The Republican Party began to fracture over its presidential front-runner, Donald Trump, as Nebraska Senator Ben Sasse vowed never to support the billionaire and Mitt Romney said his remarks over the weekend about the Ku Klux Klan were "disqualifying and disgusting."

As he gains in the polls, Trump has gathered endorsements by other prominent Republicans, including New Jersey Governor Chris Christie, former Arizona Governor Jan Brewer, and Alabama Senator Jeff Sessions. But in television interviews Sunday and Monday, Trump declined to immediately repudiate support for his campaign by David Duke, a former KKK leader.

Trump has blamed a faulty television earpiece for his uncertain answers on Sunday to questions on CNN about Duke and the KKK.

Romney, the former Massachusetts governor who was the Republican presidential candidate in 2012, called Trump’s remarks on the Klan “a disqualifying & disgusting response” in a post Monday on Twitter. “His coddling of repugnant bigotry is not in the character of America,” Romney said.

Senator Marco Rubio, a Republican presidential candidate who has been trading insults with Trump in recent days, mocked Trump’s explanation of his answers to the Duke and KKK questions.

No matter how badly the earpiece was working, "‘Ku Klux Klan’ comes through pretty clearly," Rubio said during a campaign event, according to the Associated Press.

Disavowing Duke

Trump said Monday in an interview on NBC’s “Today Show” that he has never met white supremacist Duke, who spoke favorably of Trump on his radio program recently and praised him for “taking on the Jewish establishment.”

“I know who he is, but I never met David Duke,” Trump said Monday when asked about his comments on Sunday. “I disavowed David Duke the day before.”

Trump said he thought he was being asked by CNN host Jake Tapper on Sunday about Duke and “various groups." Trump said he wanted to know which groups.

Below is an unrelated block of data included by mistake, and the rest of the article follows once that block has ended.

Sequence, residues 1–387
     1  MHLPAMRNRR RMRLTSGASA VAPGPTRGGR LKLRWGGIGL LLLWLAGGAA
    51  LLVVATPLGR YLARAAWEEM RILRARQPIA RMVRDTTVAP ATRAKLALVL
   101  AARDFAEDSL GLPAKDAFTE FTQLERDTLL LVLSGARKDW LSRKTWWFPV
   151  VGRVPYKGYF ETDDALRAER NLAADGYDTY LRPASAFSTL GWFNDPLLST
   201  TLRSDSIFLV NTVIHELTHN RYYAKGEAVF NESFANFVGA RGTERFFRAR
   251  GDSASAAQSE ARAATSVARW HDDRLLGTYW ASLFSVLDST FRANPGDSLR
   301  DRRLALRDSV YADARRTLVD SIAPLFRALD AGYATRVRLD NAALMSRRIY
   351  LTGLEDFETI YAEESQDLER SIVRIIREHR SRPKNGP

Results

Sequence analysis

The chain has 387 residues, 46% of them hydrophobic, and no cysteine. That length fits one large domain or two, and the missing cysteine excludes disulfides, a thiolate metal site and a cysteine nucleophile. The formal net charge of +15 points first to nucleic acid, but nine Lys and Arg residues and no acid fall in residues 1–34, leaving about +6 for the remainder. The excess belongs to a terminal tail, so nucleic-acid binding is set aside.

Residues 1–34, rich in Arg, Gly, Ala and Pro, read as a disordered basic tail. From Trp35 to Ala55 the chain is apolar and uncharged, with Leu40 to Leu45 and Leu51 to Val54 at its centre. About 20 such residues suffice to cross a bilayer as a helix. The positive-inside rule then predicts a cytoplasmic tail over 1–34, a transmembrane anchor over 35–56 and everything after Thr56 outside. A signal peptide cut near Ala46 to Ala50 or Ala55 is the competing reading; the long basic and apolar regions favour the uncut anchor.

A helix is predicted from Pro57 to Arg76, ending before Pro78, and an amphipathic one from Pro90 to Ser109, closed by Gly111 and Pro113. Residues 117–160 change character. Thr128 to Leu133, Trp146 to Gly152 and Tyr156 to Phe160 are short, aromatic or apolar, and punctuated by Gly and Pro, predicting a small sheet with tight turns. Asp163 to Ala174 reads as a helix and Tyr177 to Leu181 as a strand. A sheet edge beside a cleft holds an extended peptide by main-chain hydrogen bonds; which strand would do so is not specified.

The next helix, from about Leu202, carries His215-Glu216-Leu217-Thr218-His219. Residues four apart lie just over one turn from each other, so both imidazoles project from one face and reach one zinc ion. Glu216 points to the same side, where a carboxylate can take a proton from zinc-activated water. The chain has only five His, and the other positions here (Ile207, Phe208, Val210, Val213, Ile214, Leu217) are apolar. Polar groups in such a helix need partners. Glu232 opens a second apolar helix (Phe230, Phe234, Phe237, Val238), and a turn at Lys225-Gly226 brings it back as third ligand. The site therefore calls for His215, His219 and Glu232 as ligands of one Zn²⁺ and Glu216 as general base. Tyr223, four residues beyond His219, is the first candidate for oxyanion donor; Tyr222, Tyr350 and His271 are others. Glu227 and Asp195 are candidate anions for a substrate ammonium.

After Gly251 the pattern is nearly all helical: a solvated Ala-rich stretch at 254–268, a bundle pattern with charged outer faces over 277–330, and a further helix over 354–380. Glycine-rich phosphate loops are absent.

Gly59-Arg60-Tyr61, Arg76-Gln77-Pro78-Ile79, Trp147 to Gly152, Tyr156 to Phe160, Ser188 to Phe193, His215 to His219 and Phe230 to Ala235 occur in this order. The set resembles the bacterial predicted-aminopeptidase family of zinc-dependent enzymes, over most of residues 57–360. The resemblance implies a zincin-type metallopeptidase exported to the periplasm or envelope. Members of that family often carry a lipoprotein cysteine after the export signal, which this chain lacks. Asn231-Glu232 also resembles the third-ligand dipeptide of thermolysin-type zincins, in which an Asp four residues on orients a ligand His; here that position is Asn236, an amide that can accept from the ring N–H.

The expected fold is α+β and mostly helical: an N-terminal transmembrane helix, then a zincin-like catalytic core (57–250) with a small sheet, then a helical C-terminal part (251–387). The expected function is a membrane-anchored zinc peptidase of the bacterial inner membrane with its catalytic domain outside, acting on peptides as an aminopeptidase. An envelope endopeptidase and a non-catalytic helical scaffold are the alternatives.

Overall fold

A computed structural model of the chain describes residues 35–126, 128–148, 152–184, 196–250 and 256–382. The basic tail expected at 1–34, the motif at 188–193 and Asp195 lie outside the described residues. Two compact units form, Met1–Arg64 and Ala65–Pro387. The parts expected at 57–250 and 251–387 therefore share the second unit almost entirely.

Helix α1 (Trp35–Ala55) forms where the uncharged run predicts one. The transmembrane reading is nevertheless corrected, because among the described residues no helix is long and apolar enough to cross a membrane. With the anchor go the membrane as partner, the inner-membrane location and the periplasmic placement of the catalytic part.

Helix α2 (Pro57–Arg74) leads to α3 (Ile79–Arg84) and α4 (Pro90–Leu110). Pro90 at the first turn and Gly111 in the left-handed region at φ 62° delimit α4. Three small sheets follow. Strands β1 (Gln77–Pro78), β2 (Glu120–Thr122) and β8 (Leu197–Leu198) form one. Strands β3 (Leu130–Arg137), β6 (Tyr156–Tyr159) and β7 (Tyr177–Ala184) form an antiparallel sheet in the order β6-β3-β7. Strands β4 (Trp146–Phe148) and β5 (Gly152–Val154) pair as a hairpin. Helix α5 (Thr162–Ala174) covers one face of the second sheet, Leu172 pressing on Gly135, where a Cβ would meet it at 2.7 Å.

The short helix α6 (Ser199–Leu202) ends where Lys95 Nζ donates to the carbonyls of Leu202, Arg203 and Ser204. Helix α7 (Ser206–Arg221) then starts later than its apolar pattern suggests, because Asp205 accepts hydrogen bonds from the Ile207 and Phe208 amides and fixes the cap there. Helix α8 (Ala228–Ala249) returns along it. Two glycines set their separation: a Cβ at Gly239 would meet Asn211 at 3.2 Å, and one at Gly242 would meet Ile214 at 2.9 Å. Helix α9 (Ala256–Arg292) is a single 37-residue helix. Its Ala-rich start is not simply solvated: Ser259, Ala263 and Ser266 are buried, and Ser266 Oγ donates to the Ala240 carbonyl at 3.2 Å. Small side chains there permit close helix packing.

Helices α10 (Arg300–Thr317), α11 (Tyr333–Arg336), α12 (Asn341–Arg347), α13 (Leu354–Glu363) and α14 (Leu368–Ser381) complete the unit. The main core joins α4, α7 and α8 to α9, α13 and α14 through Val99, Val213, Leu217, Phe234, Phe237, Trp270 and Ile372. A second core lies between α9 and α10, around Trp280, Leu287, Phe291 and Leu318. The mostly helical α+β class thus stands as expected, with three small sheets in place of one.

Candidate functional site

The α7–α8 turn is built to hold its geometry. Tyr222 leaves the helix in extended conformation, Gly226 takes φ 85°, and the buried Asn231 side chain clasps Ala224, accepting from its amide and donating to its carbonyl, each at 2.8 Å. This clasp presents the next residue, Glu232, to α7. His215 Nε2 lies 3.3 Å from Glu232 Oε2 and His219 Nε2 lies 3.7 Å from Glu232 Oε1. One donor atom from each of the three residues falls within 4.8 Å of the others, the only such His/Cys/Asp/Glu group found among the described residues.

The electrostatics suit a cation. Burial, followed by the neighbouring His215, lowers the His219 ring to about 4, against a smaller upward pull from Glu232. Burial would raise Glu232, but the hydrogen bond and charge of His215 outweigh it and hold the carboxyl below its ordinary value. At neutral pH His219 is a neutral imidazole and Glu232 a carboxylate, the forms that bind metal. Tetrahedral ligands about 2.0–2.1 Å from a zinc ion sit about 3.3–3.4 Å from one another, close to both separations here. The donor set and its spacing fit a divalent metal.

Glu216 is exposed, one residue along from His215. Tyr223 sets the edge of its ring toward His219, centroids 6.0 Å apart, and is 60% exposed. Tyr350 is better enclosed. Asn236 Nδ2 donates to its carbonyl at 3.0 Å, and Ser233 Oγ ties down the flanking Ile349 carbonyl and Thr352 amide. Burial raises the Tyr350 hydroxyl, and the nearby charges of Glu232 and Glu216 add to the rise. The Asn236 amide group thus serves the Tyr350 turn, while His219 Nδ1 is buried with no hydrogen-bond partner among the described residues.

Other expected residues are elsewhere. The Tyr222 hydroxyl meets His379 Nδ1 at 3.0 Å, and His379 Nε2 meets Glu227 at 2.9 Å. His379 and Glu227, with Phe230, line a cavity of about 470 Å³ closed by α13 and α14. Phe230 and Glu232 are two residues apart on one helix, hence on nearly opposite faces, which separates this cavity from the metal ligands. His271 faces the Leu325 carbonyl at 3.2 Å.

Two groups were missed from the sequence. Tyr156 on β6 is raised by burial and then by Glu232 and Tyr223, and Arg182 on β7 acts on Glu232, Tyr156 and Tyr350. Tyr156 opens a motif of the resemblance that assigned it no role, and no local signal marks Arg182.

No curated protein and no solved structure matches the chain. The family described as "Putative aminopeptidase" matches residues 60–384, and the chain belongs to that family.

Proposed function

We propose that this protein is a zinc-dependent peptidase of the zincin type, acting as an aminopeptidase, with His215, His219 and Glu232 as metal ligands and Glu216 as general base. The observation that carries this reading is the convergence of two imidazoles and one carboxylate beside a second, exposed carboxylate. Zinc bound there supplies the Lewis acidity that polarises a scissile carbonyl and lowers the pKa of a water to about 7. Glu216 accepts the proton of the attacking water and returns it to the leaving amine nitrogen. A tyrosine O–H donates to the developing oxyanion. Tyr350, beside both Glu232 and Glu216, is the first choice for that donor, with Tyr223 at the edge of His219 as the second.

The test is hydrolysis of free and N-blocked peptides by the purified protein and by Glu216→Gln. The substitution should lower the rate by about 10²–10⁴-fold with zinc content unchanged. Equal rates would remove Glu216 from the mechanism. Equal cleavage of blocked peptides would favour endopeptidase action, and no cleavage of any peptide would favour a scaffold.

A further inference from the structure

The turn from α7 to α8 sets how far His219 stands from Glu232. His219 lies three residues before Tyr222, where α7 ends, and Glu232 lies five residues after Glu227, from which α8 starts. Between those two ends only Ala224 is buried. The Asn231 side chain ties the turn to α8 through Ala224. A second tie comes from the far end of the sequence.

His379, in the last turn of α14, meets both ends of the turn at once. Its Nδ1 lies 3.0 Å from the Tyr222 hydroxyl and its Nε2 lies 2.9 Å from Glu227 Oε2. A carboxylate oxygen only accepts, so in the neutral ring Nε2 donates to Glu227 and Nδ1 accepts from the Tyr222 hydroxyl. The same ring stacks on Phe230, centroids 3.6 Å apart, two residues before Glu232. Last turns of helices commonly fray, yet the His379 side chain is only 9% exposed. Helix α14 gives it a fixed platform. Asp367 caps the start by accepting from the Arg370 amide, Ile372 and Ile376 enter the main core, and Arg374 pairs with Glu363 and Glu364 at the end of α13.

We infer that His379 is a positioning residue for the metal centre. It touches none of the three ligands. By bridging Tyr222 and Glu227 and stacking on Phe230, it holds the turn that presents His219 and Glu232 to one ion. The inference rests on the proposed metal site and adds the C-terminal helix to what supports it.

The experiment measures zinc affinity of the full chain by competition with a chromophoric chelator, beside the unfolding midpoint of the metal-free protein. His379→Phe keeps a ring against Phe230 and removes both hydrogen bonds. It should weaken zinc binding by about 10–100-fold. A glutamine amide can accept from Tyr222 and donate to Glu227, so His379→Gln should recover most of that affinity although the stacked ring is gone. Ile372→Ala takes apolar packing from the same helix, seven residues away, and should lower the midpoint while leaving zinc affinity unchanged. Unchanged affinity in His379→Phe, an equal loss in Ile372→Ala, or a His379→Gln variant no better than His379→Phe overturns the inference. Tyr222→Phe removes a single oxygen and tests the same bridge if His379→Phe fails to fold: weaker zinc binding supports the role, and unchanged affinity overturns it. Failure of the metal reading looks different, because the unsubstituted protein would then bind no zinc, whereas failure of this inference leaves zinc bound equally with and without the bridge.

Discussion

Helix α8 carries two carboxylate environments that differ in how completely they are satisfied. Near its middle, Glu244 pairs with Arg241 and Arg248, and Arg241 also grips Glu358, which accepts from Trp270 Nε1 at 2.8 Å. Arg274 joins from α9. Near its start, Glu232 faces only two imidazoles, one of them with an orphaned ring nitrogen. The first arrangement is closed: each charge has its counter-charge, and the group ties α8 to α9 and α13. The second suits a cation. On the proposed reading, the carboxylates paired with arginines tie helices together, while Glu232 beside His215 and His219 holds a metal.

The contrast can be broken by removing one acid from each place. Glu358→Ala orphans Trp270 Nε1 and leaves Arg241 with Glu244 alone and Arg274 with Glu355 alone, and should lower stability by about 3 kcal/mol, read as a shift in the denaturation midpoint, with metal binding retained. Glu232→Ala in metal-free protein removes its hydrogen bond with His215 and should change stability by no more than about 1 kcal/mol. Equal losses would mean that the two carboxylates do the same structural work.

“I’m sitting in a house in Florida with a very bad earpiece,” Trump explained Monday about the circumstances of the CNN interview. “What I heard was ‘various groups.”’

Speaking later Monday at a campaign rally in Radford, Virginia, Trump was interrupted by protesters who support the Black Lives Matter movement. He responded to them by saying, “All lives matter.”

Sessions said on a radio program Monday in Alabama that Trump should demonstrate support for racial equality. “I hope he makes that clear,” Sessions said on “The Matt Murphy Show.”

‘Not our party’

South Carolina Governor Nikki Haley, a Republican who has endorsed Rubio, criticized Trump for his comments.

“I will not stop fighting a man who refuses to disavow the KKK,” she said Monday in Atlanta. “That’s not who we are and not our party.”

White House press secretary Josh Earnest, who has fielded questions for months about Trump’s candidacy, said Trump must decide if he has sufficiently distanced himself from Duke.

“I know Mr. Trump says that there is more that he needs to learn about Mr. Duke” to render his opinion, Earnest said at the White House. "We know all that we need to know about Mr. Trump.”

Trump also said Monday he will fight back against the Republican establishment if the party works against him as he leads in delegates to secure the presidential nomination.

The Pledge

“If they violate the pledge, I will do something that will make them very unhappy,” Trump said. Trump signed a pledge last year for the Republican National Committee in which he agreed not to run as a third-party candidate. The party agreed to maintain a level playing field in the race.

Sasse, a freshman senator, said on his personal Twitter account Sunday, “If Trump becomes the Republican nominee my expectation is that I’ll look for some 3rd candidate – a conservative option, a Constitutionalist.”

A nationwide CNN/ORC poll released Monday found Trump had 49 percent support among Republicans. Rubio had 16 percent and Senator Ted Cruz of Texas had 15 percent.

Trump said the lower poll numbers for Rubio explain the Florida senator’s recent change in tone. In the past few days, the two have traded insults on the campaign trail.

“He did it because he’s desperate,” Trump said. “He’s down in the polls. He’s a nervous wreck.”

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